Let it snow in Athens!

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Living in a hot Mediterranean city like Athens, snow is a rare  thing to see, downtown. But today, it was one of these days!

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Being unfamiliar with snowy weather, the Municipality of Athens advised all schools to remain closed. However, a brave play-based school like Dorothy Snot is not afraid of some snow flakes!

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The sure thing is our kids loved it. Being able to play with snow in the heart of the city is such an unusual experience down here. Not to mention that most of our 4 and 5 y.o. had not ever seen Athens in white!

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Play in life-derived conditions is always the most exciting thing for children. And we are dedicated to keep providing this kind of play!

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Risky Play

Toddlers class (2-3 y.o.) is usually the point in time for children to start experimenting physically. They feel strong now and ready to take risks.

Here, risky play gets into the picture. Of course, we do not encourage children in school to jump out of the windows! But, on the other hand, we do not either overprotect them when  seem ready and confident to take the extra mile…

Watch Dimitris in the following video, to consciously explore how it feels to fell!

(video by Jenny Diamantopoulou, teacher in toddlers’ class in Athens)

Babies Christmas party in a play-based school

In a play-based preschool, babies’ class runs on a continuous providing of sensory-type real life stimuli, assisting this way children to discover the world through their senses, while playing.

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This philosophy does not change even during party events! So, in Dorothy Snot, the annual ritual of Christmas Party for babies class (1-2 y.o), always goes as follows:

  1. It is held in school, while other classes party in some kind of large theaters. Babies need a stable and familiar environment
  2. It involves extensive parents’ participation, to boost the enthusiasm of the children and to ensure whole family celebrates kids’ first Christmas party ever!
  3. It is  based on a set of interactive play activities, connected to children recent school experiences, which lead to a festive ending (i.e. decorating our Christmas tree)
  4. It utilizes life-derived loose parts and lots of sensory play

So, please click on the following set of photos to get an idea of 2016 babies’ class Christmas party in Dorothy Snot preschool!

Babies Christmas Party 2016

Boxes everywhere!

Suddenly, large and small boxes appeared in toddlers’ classroom. What could we do with them?

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We turned them into sofas, exactly like in the stories we read. We imagined sailing in the sea and boxes were transformed into boats!

We played “hide and seek” and we found unique ways to hide ourselves inside the boxes. We had fun, we played and we learned! We got familiar with special notions such us “in and out”. We practiced our gross and our fine motor skills.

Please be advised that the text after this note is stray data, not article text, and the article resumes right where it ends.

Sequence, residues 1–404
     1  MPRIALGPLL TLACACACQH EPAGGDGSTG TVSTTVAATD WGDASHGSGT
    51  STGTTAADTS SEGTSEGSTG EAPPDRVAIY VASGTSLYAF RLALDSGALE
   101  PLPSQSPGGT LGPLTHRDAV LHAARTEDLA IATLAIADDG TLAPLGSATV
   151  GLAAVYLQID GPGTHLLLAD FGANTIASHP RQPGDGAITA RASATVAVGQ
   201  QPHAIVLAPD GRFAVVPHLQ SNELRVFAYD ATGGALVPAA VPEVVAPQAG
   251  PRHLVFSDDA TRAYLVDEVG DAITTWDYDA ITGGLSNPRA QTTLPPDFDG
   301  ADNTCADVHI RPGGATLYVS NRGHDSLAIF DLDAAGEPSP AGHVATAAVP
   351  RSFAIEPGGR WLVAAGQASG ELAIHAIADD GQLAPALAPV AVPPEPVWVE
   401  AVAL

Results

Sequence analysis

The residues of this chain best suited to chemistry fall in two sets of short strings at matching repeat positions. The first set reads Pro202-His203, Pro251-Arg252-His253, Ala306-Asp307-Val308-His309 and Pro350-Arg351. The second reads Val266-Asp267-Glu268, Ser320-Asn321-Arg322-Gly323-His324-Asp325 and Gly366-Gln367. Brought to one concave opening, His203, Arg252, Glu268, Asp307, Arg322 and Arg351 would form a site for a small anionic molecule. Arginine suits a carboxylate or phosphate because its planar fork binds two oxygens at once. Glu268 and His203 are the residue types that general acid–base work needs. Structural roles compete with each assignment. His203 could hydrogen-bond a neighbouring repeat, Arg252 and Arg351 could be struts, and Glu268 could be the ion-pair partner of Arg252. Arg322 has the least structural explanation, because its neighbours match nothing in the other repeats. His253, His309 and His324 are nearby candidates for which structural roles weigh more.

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Last but not least, we learned to share and to wait for our turn! We became more sociable and friendly. We came closer and bonded more!

(by Evangelia Nteka, teacher in toddlers’ class in Athens)

Creating sensory bags in babies’ class

Babies enjoy playing with small pasta pieces, at the sensory table. However, they thought that the light yellow color of the pasta is a little dull and wanted to change it. But the question was, “how”?

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First, we picked our favorite liquid color and dropped it into little bags, together with the pasta pieces. To have a big success, we dropped a looooot of color!

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Then, we shook the bags. Babies observed that pasta pieces soon started to disappear! Babies tried then to identify the new content of the bags, by using all their senses.

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The colorful pasta bags were magically transformed into our new “sensory bags”! A new toy that we added in our class play equipment.

A toy, made by babies themselves!

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(by Maria Gryllaki, teacher in babies’ class in Athens)

Cornelius Crick sent us a letter

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Cornelius Crick, the famous detective of our favorite book,  sent pre-K class a letter! He was informed about our talent in solving problems and finding answers to mysteries…

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Cornelius’ first request was to get to know us better. He asked for our portraits.

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Children drew them with pleasure! But, just a wall full of our portraits was not enough.

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Kids also wanted to add their names under their own portrait.

So,we played a game after which each paper obtained the right name, on it! 🙂

We are now ready for the next Cornelius Crick’ challenge…

(by Spyridoyla Patouna, teacher in pre-K class in Athens)